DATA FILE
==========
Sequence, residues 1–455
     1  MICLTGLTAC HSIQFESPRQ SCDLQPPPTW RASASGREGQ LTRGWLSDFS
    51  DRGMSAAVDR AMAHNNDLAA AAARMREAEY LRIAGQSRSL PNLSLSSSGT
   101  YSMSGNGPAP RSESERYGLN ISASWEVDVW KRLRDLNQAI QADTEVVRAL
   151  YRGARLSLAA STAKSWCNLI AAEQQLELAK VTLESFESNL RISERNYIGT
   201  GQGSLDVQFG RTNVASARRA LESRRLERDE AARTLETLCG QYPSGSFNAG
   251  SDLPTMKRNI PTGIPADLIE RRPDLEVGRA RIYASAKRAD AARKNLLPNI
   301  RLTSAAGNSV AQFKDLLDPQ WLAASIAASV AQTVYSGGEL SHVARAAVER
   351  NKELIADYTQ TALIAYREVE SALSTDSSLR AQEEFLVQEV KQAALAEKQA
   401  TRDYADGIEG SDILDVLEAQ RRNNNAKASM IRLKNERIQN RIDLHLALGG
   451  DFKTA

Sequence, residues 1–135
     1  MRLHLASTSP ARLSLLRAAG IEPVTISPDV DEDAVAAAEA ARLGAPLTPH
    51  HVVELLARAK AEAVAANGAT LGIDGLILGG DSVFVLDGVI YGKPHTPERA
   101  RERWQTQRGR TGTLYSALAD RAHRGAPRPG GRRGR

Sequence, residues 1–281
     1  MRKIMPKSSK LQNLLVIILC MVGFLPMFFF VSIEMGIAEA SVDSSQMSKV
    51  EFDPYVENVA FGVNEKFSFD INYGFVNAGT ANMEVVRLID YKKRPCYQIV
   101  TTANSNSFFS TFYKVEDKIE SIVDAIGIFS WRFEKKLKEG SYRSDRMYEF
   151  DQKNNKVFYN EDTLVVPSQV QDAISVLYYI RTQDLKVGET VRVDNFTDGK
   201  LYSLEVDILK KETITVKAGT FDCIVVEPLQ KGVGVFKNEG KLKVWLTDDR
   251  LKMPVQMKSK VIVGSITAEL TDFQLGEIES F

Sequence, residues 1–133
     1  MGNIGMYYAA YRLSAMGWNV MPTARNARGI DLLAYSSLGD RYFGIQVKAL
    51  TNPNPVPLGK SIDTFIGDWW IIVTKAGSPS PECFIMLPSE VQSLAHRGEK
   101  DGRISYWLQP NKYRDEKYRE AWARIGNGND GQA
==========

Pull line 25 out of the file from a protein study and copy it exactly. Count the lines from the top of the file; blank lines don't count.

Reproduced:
    51  TNPNPVPLGK SIDTFIGDWW IIVTKAGSPS PECFIMLPSE VQSLAHRGEK